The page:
Cosmoboffins think grav waves hold the key to sorting out the disputed Hubble Constant

New method could settle the question of how fast the universe is expanding

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Scientists agree that the universe is expanding at an increasing rate, but by exactly how much is still an enigma.

To measure the pace of expansion, slightly confusingly known as Hubble’s Constant because it's not actually constant, boffins need two bits of information. One is the speed at which an object is receding from Earth due to the expansion of space time, and the other is its current distance.

Hubble’s Constant can be measured in different ways. Scientists have done this by inspecting tiny fluctuations in the temperature of the cosmic microwave background, the energy leftover from the Big Bang.

They also measure the redshift and distance of classes of objects known as “standard candles”. These can be supernovae or stars that have a well established luminosity and so can be tracked easily. Both methods, however, give different values for the Hubble’s constant.

“The cosmic microwave background gets a value of 67 kilometers per second per megaparsec, and the standard candle method gets a value of 72. Both groups are very confident in their values, so the discrepancy is troubling,” Daniel Holz, a cosmology professor at the University of Chicago, told The Register.

Holz and his colleagues at the University of Chicago and Harvard University believe the problem can be solved by gravitational waves. Previous measurements rely on numerous assumptions and multiple steps to deduce the value for Hubble’s Constant. Gravitational waves provide a more direct way to calculate the distance of faraway objects, like supermassive black holes or neutron stars over billions of light years away.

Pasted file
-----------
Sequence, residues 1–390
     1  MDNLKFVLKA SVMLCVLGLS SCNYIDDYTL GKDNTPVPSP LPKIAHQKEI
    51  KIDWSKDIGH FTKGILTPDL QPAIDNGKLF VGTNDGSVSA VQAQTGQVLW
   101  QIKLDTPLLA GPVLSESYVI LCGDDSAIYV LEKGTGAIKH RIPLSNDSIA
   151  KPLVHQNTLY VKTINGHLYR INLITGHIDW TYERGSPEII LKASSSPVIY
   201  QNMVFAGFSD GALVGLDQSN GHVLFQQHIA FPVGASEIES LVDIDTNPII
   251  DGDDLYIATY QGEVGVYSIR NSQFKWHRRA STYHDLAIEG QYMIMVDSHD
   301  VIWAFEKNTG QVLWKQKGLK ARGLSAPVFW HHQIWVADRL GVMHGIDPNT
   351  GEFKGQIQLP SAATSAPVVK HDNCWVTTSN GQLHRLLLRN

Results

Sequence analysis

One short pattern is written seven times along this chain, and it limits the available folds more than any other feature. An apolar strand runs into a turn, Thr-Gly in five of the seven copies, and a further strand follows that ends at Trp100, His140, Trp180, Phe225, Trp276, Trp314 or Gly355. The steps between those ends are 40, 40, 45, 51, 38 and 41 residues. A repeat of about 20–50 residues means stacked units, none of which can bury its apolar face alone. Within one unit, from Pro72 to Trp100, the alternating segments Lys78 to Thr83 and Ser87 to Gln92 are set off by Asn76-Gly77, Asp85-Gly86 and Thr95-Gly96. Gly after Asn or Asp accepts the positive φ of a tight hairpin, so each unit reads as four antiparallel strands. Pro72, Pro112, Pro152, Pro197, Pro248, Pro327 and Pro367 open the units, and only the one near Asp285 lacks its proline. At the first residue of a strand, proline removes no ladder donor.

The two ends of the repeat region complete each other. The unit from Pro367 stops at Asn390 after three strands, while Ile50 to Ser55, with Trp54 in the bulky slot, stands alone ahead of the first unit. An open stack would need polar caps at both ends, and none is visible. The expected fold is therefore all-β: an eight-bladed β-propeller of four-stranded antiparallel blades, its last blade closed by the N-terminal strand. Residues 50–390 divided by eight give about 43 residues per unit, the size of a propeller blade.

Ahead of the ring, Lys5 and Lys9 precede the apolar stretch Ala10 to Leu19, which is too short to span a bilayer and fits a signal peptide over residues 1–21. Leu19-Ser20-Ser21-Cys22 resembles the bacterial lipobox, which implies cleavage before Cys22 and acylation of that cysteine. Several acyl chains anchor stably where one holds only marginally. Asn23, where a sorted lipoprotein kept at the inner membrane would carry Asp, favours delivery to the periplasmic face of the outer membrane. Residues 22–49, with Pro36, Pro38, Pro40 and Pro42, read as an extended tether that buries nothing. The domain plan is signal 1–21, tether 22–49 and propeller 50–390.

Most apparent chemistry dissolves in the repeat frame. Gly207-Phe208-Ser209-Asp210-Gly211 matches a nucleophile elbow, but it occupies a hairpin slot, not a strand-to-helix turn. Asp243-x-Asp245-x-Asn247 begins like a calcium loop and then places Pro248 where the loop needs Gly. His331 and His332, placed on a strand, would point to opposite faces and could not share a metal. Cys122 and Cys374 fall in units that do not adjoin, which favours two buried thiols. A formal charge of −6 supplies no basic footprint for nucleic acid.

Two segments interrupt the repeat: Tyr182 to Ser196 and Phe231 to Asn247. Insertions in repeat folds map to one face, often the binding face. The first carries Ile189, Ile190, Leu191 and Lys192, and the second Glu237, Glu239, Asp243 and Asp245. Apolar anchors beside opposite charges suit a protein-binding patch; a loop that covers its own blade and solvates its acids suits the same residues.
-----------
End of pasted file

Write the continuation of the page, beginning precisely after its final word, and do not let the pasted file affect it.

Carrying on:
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The energy from merging black holes or neutron stars sends ripples through the fabric of spacetime. Scientists detecting the gravitational waves can work out the mass and energy of the colliding black holes. Together with the strength of the signals, they can work out how far away the event was from Earth and then calculate Hubble’s Constant from there.

The only problem is that there aren’t enough confirmed gravitational wave detections to get an accurate reading of the universe’s expansion. The researchers reckon that with 25 observations they can measure Hubble’s Constant within an accuracy of 3 per cent, according to a paper published in Nature this month. As the number of detections increases to 200, however, they think they can achieve an accuracy to within 1 per cent within a decade.

There are two sites dedicated to hunting gravitational waves: The Laser Interferometer Gravitational-Wave Observatory (LIGO) in the United States and VIRGO in Italy. LIGO is currently undergoing renovation to upgrade the sensitivity of its detectors and is expected to reopen next year.

Scientists hope that this upgrade will help them find more gravitational waves as they will be able to detect smaller, less energetic merger events. Measuring a more accurate Hubble’s Constant will unveil more cosmic mysteries, Holz told El Reg.

“Measuring the expansion provides a precise estimate of the age of the Universe," he explained. "It is also a crucial quantity for studying properties of the dark matter and, especially, dark energy.” ®




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